The Vroman effect: a molecular level description of fibrinogen displacement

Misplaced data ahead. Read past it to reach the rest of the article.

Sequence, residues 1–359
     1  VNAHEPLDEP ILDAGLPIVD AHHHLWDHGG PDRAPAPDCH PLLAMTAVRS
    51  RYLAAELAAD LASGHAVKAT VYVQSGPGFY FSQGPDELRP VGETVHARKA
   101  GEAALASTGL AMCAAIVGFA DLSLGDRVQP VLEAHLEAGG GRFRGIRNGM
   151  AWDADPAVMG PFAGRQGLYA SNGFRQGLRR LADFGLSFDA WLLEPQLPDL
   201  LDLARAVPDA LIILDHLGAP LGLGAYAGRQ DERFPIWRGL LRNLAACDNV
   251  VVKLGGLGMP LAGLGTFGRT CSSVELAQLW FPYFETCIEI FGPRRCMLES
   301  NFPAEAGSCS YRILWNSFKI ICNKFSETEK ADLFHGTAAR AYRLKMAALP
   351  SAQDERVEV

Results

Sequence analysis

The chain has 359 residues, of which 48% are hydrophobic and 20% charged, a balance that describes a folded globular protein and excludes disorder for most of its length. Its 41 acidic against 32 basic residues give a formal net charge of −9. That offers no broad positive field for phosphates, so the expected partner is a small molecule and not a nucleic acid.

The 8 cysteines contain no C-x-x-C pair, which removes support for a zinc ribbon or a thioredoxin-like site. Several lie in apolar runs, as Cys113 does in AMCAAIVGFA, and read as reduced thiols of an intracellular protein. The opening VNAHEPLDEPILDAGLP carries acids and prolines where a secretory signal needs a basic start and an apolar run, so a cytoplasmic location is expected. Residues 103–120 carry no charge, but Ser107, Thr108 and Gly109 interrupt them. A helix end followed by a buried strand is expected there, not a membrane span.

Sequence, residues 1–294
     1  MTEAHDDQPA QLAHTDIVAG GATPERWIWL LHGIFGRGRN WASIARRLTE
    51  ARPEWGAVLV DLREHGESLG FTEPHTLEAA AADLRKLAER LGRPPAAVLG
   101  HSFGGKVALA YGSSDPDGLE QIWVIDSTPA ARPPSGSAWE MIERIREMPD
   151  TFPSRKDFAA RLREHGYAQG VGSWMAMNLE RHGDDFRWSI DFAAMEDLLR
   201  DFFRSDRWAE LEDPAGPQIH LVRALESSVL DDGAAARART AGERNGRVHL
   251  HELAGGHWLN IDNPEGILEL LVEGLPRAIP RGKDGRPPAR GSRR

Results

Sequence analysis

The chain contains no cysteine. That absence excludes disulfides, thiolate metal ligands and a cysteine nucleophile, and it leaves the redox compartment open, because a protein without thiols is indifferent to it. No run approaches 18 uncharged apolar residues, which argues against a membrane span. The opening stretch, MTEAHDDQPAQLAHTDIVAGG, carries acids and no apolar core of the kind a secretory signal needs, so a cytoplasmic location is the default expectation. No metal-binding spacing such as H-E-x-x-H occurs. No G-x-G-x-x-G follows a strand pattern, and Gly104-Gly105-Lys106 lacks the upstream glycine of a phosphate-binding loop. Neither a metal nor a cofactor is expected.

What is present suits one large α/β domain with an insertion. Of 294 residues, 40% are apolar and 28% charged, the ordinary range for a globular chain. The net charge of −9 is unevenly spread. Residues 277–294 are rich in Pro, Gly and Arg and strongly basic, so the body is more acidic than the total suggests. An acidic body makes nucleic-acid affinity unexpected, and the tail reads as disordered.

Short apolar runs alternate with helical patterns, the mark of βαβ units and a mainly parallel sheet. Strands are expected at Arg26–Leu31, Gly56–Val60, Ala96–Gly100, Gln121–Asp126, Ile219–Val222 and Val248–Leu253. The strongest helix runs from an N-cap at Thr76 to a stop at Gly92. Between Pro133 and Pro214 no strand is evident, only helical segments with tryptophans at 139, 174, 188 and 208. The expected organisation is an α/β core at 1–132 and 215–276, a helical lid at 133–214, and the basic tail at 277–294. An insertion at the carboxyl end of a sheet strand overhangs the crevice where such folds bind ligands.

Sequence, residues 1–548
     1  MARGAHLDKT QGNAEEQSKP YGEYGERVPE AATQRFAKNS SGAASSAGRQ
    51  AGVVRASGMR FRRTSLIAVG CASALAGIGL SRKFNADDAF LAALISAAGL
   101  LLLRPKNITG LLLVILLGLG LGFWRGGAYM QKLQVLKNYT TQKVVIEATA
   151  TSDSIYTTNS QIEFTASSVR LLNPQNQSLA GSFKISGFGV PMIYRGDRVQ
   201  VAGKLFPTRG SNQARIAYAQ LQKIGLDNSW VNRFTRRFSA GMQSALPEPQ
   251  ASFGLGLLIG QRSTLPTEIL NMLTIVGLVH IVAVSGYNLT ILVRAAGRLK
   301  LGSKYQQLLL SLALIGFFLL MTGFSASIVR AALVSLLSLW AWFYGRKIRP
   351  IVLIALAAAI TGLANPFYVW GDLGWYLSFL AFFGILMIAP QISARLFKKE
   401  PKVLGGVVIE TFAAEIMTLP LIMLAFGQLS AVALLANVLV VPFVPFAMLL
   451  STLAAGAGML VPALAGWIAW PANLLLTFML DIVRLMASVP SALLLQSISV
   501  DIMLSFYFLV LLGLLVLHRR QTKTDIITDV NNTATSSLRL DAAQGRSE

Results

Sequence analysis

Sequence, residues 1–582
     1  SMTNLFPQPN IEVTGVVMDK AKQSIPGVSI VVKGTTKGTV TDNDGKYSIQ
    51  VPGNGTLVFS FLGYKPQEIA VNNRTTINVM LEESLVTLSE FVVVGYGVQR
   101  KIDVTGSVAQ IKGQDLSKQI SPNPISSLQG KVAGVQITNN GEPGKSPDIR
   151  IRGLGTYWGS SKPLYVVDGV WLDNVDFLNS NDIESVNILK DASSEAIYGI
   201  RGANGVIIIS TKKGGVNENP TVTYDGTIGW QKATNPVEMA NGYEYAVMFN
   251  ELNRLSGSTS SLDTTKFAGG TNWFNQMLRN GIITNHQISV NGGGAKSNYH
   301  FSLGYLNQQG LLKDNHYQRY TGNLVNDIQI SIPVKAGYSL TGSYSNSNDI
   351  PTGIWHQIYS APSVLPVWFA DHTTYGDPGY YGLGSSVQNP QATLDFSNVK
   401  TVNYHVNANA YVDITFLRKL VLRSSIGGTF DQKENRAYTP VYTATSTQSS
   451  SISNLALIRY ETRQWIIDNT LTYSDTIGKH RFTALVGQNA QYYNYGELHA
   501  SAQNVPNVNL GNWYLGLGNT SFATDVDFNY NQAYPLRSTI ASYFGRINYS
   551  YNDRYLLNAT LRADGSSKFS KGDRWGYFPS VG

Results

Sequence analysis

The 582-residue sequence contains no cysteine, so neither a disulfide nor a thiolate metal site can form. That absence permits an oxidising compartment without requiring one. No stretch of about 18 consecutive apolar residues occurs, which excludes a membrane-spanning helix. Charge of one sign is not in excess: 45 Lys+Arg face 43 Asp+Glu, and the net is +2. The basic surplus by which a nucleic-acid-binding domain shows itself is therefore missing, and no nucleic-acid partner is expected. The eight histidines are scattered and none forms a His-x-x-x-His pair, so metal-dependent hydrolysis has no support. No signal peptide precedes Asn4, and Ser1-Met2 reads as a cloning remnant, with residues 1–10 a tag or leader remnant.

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Investigations of specific and nonspecific interactions of biomolecules at liquid/solid interfaces are presented. To investigate specific multivalent ligand-receptor interactions, bivalent antibodies and haptens bound to solid supported membrane were used as models for ligand-receptor coupling. Novel microfabrication strategies, which included spatially addressed bilayer arrays and heterogeneous microfluidic assays, in conjunction with total internal reflection microscopy, was employed to achieve this goal. These high throughput techniques allow thermodynamic data of binding interactions to be acquired with only a few microliters of analyte and superior signal to noise. The results yield both the first and second dissociation constant for bivalent IgG antibodies with membrane bound hapten molecules. Studies were conducted both as a function of hapten density and cholesterol content in the membrane. Another research area of this dissertation is the molecular level description of nonspecific adsorption and displacement of the model protein, fibrinogen, onto hydrophilic surfaces. Techniques such as atomic force microscopy, immunochemical assays, fluorescence microscopy, and vibrational sum frequency spectroscopy were employed to probe this system. The results demonstrate that the protein's αC domains play the critical role. When fibrinogen is adsorbed to a hydrophilic surface via these moieties, its displacement rate in the presence of human plasma is approximately 170 times faster than when these domains are not in direct surface contact. Even more significantly, spectroscopic studies show evidence for highly aligned Arg and Lys residues interacting with the negatively charged substrate only when the αC domains make direct surface contact. The interfacial ordering of these residues appears to be the hallmark of a weak and labile electrostatic attraction between the substrate and the adsorbed macromolecule.